Google Floats a Blue Balloon for Map Ads
Its so far been a one-colored balloon world for the bevy of modern-day combination mapping, localized search and shopping features.
But now comes Google Inc.s blue balloon, and a new twist on mapvertising.
Balloons are a graphical element commonly found on Internet-based mapping features.
They are used to mark the known street address of any of the search results listed alongside the map. They also can be clicked on, thereby providing more detailed information about the result.
The balloons are also placeholders for advertising. But to date, technologist David Galbraith said those dabbling in mapvertising, namely Yahoo Inc., use the same color balloons to denote both paid listings and the ones resulting from the engines Web technology.
Now Google is experimenting with marking the paid listings with one color, and the more natural-occurring ones with another.
Galbraith says that while its only a cosmetic change, its an exceedingly important one that could usher in a new more prosperous era for advertising on maps.
"Googles product separates church and state--red balloons for algorithmic and blue for paid placement," he wrote in an e-mail to eWEEK. "This may not seem much of a deal; however, search engines used to blend in ads in the results, but advertising around search really took off with clearly separated ads."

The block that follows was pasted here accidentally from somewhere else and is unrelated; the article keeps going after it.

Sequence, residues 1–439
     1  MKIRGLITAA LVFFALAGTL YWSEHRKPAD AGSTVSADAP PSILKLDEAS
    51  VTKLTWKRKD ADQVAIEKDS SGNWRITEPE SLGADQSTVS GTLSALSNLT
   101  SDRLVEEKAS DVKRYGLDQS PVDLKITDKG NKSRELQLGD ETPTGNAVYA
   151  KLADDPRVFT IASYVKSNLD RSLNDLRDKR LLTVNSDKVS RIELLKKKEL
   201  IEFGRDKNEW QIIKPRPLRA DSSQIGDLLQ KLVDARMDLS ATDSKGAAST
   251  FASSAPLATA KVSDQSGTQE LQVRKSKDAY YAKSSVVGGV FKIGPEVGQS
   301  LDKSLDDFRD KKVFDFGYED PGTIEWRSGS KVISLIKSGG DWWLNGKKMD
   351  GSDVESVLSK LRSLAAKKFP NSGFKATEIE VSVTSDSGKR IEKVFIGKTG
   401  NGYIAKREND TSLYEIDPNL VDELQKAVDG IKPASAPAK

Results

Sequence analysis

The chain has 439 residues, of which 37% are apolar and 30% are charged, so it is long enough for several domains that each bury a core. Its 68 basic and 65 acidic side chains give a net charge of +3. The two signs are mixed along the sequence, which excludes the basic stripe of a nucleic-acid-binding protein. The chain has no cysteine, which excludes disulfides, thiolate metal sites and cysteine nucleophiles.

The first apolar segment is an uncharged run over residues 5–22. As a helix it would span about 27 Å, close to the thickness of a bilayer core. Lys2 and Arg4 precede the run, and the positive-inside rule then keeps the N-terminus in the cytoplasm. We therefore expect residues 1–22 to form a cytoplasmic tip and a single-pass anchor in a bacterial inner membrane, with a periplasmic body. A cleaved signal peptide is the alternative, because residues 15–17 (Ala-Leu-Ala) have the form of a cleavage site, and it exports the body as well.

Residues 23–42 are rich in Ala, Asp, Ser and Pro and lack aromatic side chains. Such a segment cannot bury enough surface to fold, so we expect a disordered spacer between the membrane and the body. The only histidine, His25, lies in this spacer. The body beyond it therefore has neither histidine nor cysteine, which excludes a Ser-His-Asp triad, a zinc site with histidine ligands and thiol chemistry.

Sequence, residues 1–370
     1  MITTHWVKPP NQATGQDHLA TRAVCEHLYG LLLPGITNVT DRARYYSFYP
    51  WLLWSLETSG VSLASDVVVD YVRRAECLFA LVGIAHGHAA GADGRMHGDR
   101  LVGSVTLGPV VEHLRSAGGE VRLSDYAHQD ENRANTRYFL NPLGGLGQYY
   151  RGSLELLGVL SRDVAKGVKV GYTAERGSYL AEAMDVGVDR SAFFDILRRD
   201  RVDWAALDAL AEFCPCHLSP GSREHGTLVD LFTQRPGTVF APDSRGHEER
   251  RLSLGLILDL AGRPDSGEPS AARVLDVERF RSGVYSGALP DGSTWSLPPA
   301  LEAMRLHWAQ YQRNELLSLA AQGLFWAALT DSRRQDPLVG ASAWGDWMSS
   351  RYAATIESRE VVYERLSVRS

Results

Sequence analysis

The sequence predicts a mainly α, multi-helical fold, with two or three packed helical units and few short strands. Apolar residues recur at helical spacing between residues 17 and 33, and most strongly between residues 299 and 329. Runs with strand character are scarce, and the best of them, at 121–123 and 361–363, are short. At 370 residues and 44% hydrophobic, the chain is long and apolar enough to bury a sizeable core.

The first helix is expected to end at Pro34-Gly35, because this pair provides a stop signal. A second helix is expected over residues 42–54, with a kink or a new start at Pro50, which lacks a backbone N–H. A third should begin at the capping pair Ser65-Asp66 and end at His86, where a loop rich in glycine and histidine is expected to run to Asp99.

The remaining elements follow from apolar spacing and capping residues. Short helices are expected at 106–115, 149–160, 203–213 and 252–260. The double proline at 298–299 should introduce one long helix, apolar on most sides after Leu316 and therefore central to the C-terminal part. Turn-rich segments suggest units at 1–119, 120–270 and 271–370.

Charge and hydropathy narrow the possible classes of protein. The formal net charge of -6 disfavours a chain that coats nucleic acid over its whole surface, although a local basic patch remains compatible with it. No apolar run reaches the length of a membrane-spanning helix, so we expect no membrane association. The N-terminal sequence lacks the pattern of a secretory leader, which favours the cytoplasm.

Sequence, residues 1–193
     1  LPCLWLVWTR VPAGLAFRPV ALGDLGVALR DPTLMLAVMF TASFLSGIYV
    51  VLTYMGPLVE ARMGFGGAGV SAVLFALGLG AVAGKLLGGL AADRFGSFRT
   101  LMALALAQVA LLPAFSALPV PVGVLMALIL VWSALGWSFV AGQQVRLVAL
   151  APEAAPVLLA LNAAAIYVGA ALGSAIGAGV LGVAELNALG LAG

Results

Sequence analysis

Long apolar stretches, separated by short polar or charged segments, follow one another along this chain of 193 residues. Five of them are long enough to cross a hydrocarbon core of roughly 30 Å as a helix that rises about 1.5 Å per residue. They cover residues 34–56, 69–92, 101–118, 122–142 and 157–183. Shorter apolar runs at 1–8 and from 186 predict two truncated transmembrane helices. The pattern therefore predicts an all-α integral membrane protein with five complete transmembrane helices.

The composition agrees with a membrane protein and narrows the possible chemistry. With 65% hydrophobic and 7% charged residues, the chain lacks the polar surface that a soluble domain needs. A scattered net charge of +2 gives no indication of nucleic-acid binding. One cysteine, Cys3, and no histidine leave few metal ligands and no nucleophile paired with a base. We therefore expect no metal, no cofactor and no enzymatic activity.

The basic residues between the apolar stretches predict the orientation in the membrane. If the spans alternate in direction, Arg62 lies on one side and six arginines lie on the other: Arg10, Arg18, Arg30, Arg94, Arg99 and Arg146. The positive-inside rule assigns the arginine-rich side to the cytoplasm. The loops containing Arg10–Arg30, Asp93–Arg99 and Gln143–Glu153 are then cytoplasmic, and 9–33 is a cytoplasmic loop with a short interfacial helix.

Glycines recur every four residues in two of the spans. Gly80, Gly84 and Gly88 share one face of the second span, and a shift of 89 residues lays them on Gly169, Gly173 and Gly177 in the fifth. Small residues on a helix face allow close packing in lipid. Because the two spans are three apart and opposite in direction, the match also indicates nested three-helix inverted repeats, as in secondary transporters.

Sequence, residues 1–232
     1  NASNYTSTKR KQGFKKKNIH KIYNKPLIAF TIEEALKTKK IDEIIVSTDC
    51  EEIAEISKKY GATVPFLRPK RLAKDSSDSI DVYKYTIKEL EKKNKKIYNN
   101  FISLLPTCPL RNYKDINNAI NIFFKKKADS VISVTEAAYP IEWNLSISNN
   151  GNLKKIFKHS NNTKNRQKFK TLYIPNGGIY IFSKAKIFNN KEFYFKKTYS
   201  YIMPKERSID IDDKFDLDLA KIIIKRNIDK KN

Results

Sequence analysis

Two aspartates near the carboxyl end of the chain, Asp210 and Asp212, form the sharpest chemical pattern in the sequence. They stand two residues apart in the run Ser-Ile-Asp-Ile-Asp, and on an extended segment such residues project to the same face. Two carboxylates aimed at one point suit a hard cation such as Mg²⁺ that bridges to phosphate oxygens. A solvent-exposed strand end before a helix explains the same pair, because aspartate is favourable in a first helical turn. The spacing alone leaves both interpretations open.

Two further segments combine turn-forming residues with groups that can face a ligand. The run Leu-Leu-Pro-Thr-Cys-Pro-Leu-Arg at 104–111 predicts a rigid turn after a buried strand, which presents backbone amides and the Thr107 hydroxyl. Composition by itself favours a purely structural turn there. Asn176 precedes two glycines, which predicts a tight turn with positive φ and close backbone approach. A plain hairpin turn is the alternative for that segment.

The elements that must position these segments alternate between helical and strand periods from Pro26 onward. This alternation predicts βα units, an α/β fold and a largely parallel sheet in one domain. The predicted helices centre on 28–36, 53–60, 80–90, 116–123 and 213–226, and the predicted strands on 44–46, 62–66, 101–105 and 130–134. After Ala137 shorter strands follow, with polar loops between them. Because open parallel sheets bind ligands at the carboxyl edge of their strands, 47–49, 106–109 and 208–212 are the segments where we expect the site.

Internet search companies, including MSN, Yahoo or Google, derive all of their revenues from selling advertisements alongside search results, and competitive forces are such that each must continually improve the results and the audience their advertisers get.
The work has led to breakthroughs unheard of in traditional advertising circles.
AdCenter, for instance, allows companies to target people based on their age, gender or location.
It has also generated high-profile acquisitions, such as Googles recent purchase of a radio advertising specialist and a minority stake in online portal America Online.
Galbraith was one of the first to spot Googles new blue balloons.
A Google spokesperson confirmed that it is conducting a limited test of the blue balloons, but would not confirm or comment upon any of the details Galbraith reveals at www.davidgalbraith.org.
Google also did not expand on a very general written statement it provided following an inquiry into Galbraiths findings.
"As part of our continuing effort to provide a positive advertising experience for users and advertisers, we are always exploring ways to improve the way we display ads," Google wrote.
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